The folks at Save Muni Wireless declare interim victory: The people against a provision of the house bill which didn't make it into the senate version wanted to preserve the rights of cities and towns in Texas to determine whether or not municipal cable, telecom, and broadband was appropriate.
Texas has a large number of counties with no broadband service or a single provider, and many of the smaller municipalities were concerned with the full ban. The initial bill would seemingly have required airport authorities run by municipalities to cancel Wi-Fi contracts with private companies based on a pretty conservative reading: meaning no Wi-Fi at DFW, Dallas Love, Austin, Bush Intercontinental, and others. That provision was watered down in later house drafts.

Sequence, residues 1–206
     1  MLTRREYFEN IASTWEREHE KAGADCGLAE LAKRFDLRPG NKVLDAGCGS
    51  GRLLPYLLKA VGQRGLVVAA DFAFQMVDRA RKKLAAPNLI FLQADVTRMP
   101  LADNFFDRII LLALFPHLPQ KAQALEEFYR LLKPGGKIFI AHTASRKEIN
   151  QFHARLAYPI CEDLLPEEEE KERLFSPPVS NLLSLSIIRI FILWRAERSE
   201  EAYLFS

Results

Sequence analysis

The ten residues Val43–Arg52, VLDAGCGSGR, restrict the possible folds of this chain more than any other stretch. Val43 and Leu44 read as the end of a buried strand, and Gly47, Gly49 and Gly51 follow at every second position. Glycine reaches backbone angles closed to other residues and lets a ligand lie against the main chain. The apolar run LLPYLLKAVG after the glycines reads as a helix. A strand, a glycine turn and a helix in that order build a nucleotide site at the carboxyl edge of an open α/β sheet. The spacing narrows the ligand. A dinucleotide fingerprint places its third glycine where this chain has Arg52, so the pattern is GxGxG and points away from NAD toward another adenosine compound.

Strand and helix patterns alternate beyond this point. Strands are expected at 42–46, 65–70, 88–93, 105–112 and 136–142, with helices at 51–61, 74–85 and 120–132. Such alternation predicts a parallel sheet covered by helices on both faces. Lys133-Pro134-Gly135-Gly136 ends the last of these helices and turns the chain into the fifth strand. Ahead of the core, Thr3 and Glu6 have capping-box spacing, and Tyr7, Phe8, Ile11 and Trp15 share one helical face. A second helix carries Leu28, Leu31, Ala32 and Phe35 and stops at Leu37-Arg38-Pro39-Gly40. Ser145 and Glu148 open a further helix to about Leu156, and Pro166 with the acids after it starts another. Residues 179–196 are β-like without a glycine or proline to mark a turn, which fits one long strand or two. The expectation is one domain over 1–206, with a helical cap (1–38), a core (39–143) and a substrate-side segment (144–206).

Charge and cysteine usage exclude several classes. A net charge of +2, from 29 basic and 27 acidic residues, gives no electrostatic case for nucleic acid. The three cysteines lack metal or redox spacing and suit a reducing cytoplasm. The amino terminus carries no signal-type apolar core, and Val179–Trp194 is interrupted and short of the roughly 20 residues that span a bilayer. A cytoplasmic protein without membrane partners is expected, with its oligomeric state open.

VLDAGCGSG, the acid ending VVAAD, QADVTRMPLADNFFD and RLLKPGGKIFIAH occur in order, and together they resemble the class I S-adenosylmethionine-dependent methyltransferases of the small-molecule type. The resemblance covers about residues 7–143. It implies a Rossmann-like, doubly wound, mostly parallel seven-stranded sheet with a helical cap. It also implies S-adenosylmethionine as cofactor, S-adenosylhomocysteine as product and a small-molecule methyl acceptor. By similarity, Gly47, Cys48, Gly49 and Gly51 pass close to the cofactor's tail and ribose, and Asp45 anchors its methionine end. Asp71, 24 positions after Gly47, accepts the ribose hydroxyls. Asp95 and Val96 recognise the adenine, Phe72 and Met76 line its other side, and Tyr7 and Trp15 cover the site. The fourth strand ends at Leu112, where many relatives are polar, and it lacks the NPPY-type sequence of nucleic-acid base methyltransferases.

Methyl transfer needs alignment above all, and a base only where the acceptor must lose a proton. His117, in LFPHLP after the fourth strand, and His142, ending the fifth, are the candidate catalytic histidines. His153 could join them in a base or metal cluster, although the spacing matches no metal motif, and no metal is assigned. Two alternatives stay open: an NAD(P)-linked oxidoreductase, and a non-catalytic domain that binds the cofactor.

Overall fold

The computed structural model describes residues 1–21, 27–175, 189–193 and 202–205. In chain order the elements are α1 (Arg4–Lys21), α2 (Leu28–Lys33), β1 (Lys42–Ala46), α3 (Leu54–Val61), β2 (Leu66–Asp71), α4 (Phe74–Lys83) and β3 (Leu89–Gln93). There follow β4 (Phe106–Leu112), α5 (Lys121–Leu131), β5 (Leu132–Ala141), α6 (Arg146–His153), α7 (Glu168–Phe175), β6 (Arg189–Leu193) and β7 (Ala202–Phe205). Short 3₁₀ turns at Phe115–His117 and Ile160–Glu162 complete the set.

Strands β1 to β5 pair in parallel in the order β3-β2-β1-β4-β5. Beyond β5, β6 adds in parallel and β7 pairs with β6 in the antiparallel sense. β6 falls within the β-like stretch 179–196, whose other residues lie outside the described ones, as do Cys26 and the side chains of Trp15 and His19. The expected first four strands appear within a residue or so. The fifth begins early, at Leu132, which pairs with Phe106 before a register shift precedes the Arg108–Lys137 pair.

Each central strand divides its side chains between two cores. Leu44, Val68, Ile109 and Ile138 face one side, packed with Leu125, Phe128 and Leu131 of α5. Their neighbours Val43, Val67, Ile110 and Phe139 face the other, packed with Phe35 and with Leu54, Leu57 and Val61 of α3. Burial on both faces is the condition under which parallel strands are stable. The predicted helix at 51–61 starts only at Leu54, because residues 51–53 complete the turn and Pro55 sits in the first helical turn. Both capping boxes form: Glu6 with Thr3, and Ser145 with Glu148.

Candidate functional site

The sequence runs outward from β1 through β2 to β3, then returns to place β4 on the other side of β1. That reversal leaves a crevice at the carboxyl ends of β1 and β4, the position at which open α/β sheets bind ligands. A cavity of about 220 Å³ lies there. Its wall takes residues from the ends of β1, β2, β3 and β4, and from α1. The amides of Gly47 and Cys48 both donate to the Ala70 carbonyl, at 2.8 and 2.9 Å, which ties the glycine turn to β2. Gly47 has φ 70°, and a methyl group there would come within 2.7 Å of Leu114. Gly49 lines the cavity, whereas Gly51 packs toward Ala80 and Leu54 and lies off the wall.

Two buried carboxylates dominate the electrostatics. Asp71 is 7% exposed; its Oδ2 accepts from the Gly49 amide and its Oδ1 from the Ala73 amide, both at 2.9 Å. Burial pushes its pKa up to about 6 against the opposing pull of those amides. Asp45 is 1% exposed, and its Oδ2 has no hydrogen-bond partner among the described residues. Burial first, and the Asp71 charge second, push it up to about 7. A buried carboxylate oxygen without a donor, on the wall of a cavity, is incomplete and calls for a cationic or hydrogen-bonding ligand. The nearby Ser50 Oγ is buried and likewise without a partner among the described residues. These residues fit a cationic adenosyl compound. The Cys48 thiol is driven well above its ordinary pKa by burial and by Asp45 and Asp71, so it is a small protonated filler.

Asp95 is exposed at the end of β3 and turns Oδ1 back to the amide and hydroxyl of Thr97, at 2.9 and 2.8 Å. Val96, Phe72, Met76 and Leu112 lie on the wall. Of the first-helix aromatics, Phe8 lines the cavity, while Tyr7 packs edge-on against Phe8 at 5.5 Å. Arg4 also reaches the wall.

The bill failed not because of the municipal part, but because, along with another bill, the senate and house couldn't agree on how to reconcile them. Included in the bills was a proposal to eliminate local cable franchise control, which the telcos wanted to allow them easier entry into the television market without having to negotiate local deals with each town, and deregulation elements that would free incumbents from a number of responsibilities while releasing them from tariffs.